I blame much of my dating issues on the media (that’s the trendy thing to do, anyway, right – blame everything on the media?)

But, seriously.  Think of the number of romcom’s, sitcoms,  pop and country songs, and novels where the bad boy just needs to be tamed by the love of a good woman.   It’s a super common theme.

Here are just a few of my favorites:

Hart of Dixie – Wade and Zoe.  His abs have caused him a lot of problems in the past, but now that he’s met Zoe, he’s a changed man.

New Girl – I love Nick and Jess.  And just Nick.  But, let’s be realistic.  He’s a lazy, 30-year old bum who has never lived up to his potential.  Somehow, though, a relationship with Jess will make everything work out fine in the end.

A Walk to Remember – Landon mocks the preacher’s daughter, then falls in love with her, and marries her despite the cancer which kills her a few months later.  So, they don’t quite live happily ever after, but her love still transformed him into a completely different person.

And so it goes.  I haven’t read 50 Shades, but I know that Christian Grey has deep psychological issues that fuel his fetishes; yet by the end of the trilogy, he and Anastasia Steele are married with children.  Happily ever after.  Even in Beauty and the Beast – our beloved childhood fairy tale – Belle’s love is enough to transform a beast into a kind, gentle, loving man.  (I’m not even going to talk about Stockholm syndrome right now.  Off-topic.)

Here’s the problem: THAT IS NOT REAL LIFE.  Sure, we can all find examples of someone who converted to another faith after having met their spouse, or point at Nicole Kidman and Keith Urban and how she helped him get sober.  But, as my favorite movie He’s Just Not That Into You so eloquently puts it, “they are the exception.  You are the rule” (author’s paraphrase).  Or, at least I am the rule.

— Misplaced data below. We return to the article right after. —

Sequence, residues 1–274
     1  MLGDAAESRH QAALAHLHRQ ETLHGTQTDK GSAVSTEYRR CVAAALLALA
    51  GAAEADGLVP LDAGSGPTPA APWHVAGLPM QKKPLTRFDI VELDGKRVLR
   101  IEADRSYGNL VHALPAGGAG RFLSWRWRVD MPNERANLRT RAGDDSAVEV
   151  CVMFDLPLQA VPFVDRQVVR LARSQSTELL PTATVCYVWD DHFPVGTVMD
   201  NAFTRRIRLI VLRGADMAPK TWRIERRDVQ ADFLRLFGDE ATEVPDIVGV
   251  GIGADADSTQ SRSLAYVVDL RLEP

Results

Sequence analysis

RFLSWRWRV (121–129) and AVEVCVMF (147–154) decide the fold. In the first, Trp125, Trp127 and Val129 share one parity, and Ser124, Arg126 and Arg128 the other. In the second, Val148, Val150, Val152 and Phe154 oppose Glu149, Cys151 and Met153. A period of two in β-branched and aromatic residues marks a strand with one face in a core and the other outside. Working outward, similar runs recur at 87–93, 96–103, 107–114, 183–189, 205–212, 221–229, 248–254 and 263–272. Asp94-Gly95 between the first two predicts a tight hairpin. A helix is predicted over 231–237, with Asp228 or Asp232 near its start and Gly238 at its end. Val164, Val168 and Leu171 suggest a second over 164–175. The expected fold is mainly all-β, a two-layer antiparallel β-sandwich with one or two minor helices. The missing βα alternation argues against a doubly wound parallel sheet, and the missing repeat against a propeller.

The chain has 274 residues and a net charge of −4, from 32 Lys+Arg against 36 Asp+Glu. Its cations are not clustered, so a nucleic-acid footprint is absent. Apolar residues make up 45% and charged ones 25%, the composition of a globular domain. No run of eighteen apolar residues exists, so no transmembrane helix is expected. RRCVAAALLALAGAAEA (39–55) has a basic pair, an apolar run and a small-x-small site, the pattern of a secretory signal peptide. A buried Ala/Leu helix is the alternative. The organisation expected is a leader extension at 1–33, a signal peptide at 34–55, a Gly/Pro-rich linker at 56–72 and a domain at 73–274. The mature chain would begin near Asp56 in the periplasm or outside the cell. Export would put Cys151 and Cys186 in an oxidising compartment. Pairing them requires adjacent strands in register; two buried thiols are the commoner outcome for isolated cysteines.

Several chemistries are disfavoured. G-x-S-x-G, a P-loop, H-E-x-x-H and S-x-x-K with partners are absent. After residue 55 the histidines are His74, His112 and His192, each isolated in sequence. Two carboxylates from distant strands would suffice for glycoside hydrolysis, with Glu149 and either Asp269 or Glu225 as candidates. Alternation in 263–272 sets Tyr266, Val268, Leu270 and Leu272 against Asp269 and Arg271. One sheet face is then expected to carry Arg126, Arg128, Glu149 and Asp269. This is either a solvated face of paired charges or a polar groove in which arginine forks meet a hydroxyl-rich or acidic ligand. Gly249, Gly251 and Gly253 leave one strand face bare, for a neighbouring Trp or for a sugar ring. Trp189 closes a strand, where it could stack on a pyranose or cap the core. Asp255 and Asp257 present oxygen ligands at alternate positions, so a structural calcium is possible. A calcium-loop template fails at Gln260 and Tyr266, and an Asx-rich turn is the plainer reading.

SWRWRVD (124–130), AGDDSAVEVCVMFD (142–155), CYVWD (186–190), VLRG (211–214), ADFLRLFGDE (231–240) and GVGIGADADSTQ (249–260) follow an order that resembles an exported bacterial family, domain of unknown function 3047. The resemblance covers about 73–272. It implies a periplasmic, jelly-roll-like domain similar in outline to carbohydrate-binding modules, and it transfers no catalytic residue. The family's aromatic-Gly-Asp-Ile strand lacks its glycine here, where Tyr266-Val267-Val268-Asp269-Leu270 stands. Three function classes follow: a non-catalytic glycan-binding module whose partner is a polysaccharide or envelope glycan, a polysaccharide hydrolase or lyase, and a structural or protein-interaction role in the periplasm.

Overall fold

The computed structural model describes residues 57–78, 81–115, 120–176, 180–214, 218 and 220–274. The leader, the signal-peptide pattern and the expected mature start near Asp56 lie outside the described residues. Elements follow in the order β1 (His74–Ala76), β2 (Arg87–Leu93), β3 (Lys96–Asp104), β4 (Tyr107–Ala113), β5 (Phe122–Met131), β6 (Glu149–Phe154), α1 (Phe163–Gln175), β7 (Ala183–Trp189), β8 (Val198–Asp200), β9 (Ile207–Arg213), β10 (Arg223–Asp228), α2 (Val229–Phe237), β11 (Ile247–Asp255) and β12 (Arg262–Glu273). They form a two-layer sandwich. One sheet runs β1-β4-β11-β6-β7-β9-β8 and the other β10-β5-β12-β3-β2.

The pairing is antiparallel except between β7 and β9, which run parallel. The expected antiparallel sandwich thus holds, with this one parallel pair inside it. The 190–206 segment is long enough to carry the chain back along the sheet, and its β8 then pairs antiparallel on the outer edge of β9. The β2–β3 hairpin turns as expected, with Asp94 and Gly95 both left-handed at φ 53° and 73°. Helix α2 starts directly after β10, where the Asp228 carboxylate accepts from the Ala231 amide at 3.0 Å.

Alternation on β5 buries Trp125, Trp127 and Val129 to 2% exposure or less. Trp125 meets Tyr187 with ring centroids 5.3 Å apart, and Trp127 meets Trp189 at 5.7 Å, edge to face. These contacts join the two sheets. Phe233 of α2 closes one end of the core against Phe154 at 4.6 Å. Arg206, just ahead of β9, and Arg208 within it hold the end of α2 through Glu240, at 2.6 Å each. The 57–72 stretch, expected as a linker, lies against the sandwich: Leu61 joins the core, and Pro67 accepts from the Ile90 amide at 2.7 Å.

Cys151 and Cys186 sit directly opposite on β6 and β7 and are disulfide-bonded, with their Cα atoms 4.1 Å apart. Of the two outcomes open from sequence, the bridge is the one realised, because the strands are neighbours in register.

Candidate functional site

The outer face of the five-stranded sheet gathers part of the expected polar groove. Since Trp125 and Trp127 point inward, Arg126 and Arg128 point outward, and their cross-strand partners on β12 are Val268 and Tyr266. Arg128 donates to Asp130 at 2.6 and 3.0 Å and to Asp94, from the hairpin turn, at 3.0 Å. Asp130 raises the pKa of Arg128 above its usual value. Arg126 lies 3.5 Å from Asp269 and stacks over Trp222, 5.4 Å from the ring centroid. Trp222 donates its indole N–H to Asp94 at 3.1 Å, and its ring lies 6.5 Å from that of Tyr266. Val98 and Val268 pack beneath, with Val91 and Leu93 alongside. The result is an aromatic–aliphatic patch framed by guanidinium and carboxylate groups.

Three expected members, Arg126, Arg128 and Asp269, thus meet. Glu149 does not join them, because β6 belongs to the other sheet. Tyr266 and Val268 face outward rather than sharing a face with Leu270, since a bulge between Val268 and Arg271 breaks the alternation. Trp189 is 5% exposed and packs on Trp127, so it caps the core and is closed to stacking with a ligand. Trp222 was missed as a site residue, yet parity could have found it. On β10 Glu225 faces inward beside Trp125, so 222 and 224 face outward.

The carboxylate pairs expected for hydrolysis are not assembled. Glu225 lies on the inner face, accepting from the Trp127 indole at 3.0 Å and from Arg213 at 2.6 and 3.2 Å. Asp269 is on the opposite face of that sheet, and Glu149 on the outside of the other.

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I have tried so many times to missionary date – you know, dating someone who doesn’t have the same belief system as you in the hopes that they will come to see things as you do, and then you can live happily ever after.  I know that this doesn’t actually work.  It’s usually not their faith that is strengthened, but mine that is weakened – and with it, my convictions, attitudes, principles, etc.  But, being the eternal optimist/hopeless romantic/indoctrinated American female that I am, I secretly still have that hope that MY love will be that magic key to unlock all the good that has been hiding in the misunderstood, bad boy. I tend to date for potential, but you can’t do that. Potential may never be realized, and then you’re 6 months/3 years/a lifetime down the road, and in an unhealthy and poorly matched relationship because you thought that he would change.

Of course, I always say that I know I can’t change him – only God can.  But, still, I inflate my personal responsibility in the situation, thinking, “without me, though, how will he ever know God? Don’t I have an obligation to share Jesus with this guy, and maybe God will use me?”

Garbage.  I never verbalize these thoughts because I know they’re ridiculous, but they persist nonetheless.  Yes, God can use us in someone’s life – male or female – however He wants.  But, He doesn’t need us helping Him along by making out with some guy in an effort to show Jesus’ love.  I’ve read the Bible through a few times, and there is no recorded use of that particular conversion method in all of Scripture (possible exception: Hosea and Gomer, but that’s complicated).

Bottom line, we need to stop believing all of the fairy tales that culture is sending us and just avoid these entanglements in the first place (deep down, I think we know they’re not right for us, anyway).  Of course, I’m not saying give up on romantic dreams. TRUST me, I’m going to see Cinderella this weekend and am quite certain I will leave that theater full of romantic dreams.  But, let’s stop settling for less than God’s best for us under the guise of “helping” someone become who they were always meant to be. It’s not actually helping him, and it’s sure not helping us.

Have you ever tried missionary dating (or just dating the bad boy/girl that you thought would reform)?  How did it go for you?   Have you seen yourself influenced by the bad boy turned good philosophy, and has it had any actual affect on your view of relationships?  Let’s talk!

Oh, and for a little light-hearted satire on the issue, check out DatetoSave.com.  Hilarious stuff, folks.